On May 8, The Lancet published an editorial criticising the Narendra Modi government’s response to India’s second COVID-19 outbreak, which has been redefining the meaning of ‘snafu’. All hell broke loose. Of course, hell has been breaking loose for quite some time in India now, but the latest episode was in one specific sense also gratifying to behold.
There were the usual rumbles in the week following the editorial’s appearance, until on May 17 India’s health minister Dr Harsh Vardhan shared a blog post penned by a Pankaj Chaturvedi deriding The Lancet‘s choice of arguments. (I’m fond of emboldening the honorific: it shows doctors can be stupid, too.) The post is mostly whataboutery studded with a few gems about how people who liked the editorial aren’t pissed enough that favipiravir and hydroxychloroquine were approved for use – as Dr Vardhan’s ministry did. More importantly, it seems Dr Vardhan, and his colleagues in fact, threw themselves into the barrel looking for anything with fully formed sentences that said The Lancet was wrong – a sign that their government still gives a damn about what foreign journals, and perhaps magazines and newspapers too, say about it.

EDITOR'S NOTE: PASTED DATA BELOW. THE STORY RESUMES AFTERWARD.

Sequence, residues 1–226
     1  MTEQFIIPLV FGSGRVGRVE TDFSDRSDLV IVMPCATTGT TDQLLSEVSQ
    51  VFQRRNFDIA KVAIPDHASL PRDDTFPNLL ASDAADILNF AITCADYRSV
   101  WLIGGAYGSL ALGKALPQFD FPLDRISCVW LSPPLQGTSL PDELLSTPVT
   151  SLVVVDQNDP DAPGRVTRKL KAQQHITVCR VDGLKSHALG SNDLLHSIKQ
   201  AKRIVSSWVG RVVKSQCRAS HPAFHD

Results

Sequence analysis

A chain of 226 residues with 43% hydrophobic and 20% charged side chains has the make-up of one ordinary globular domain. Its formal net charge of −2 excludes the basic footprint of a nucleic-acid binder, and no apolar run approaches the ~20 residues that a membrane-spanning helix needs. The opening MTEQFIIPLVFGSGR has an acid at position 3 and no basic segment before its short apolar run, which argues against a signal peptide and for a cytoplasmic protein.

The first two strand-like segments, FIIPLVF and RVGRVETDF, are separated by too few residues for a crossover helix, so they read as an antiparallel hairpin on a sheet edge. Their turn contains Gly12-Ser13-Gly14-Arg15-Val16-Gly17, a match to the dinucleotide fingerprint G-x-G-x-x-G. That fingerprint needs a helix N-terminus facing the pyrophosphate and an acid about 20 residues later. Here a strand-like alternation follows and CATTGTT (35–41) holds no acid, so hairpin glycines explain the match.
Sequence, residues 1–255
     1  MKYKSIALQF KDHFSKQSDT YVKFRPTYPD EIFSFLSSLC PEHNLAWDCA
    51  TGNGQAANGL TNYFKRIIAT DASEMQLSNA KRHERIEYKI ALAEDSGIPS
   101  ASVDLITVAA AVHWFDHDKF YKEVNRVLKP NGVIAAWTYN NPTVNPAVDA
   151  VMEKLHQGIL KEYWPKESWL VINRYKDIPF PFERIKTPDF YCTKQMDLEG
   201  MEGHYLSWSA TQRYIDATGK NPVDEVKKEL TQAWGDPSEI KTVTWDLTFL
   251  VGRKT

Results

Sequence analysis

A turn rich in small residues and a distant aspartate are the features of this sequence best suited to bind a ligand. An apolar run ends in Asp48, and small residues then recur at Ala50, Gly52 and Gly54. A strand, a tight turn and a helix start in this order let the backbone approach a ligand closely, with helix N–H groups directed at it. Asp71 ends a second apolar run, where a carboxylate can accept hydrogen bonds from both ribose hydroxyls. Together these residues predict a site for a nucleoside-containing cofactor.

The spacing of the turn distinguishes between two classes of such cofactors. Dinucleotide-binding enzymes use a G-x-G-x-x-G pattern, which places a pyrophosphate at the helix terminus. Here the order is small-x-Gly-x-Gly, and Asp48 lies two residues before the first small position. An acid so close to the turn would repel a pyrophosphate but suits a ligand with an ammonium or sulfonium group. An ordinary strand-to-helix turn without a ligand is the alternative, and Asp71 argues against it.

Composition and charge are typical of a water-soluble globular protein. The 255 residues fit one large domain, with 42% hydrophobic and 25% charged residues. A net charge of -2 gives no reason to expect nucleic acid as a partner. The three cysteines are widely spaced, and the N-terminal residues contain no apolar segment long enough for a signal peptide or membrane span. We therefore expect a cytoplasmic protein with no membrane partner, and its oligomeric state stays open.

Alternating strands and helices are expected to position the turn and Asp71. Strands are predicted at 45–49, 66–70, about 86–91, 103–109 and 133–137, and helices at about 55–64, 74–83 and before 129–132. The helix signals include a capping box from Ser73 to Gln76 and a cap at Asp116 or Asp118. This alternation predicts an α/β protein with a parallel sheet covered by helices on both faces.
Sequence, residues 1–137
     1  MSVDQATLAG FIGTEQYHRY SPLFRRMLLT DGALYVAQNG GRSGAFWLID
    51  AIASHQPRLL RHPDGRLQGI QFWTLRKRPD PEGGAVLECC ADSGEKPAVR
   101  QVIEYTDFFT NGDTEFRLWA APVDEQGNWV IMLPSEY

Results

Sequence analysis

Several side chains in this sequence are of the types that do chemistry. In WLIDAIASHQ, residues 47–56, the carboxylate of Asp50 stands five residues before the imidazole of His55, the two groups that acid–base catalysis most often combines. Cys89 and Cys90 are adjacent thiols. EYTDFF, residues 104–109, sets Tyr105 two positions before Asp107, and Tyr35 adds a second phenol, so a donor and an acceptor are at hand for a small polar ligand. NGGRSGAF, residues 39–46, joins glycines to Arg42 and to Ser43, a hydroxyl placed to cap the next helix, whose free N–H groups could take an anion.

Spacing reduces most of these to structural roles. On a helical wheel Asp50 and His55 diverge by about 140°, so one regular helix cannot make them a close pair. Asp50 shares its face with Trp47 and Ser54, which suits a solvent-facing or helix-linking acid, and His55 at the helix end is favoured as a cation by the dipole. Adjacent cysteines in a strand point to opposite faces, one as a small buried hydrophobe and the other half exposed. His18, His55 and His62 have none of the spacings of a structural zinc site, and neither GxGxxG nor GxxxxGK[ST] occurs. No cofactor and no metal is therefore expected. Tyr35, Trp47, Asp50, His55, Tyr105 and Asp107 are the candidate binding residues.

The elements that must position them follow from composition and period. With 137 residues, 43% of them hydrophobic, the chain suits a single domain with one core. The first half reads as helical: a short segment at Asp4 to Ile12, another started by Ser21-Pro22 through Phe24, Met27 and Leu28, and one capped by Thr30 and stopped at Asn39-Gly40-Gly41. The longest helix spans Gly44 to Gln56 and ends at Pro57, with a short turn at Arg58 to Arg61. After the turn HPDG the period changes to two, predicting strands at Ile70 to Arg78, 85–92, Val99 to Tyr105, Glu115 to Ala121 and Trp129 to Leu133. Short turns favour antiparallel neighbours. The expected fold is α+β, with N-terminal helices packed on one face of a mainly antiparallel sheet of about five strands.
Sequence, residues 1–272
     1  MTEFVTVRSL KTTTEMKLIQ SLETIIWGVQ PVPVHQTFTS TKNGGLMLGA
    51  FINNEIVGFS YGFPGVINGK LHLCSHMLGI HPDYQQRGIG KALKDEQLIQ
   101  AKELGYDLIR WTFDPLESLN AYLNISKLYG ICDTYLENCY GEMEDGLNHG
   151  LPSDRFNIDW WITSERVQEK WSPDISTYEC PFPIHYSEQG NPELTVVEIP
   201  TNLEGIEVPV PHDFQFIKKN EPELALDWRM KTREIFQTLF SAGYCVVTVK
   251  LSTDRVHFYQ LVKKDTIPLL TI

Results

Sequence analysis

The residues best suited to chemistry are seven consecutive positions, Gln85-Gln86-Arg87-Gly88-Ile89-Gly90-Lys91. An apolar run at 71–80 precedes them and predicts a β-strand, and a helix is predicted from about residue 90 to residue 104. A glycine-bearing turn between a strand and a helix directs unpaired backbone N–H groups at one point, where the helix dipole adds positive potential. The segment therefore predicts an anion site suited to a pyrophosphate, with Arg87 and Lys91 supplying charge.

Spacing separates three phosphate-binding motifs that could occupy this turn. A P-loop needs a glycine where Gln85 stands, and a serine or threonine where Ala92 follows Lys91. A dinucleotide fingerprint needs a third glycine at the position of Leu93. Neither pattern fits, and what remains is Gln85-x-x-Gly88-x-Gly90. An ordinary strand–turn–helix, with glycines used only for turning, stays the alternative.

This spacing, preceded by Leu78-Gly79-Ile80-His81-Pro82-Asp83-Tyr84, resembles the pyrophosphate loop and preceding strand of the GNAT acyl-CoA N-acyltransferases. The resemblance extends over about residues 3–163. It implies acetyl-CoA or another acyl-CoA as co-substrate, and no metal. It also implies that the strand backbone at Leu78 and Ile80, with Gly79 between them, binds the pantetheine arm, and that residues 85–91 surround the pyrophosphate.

We need to use this to the fullest extent, and I daresay that it’s the sort of resource the government is going to find difficult to duplicate as well. There was recently an article about Modi doing a great job during India’s second wave, published in an outlet called The Daily Guardian. There was enough confusion to draw the UK’s The Guardian forward and clarify that it was an unaffiliated entity – but no amount of confusion can supplant an institution, no matter how illiberal. Aakar Patel wrote in 2018: “The fact is that intelligent and intellectual bigotry is very difficult. There are very few people who can pull that off and that is why we can count the major ones on our fingers.” This is also why the government has twitched every time the New York Times, the Washington Post, BBC, The Lancet, Science and The BMJ have published articles critical of India, even if this isn’t the full picture.
It’s doubly interesting that the sophistry of the rejoinders aside, Dr Vardhan, his colleagues in government and his party’s supporters have all been antagonised by what they perceive to be a political act by a medical journal. This is an untenable distinction, of course – one that fantasises about a clear divide between the Watchers, who look out, and the Watched, who dare not know what the Watchers see. More pertinently, it’s a reflection of what they desperately expect from their own compatriots: to ignore how bad political leadership could help a virus ravage hundreds of thousands of families.
Featured image credit: Kunj Parekh/Unsplash.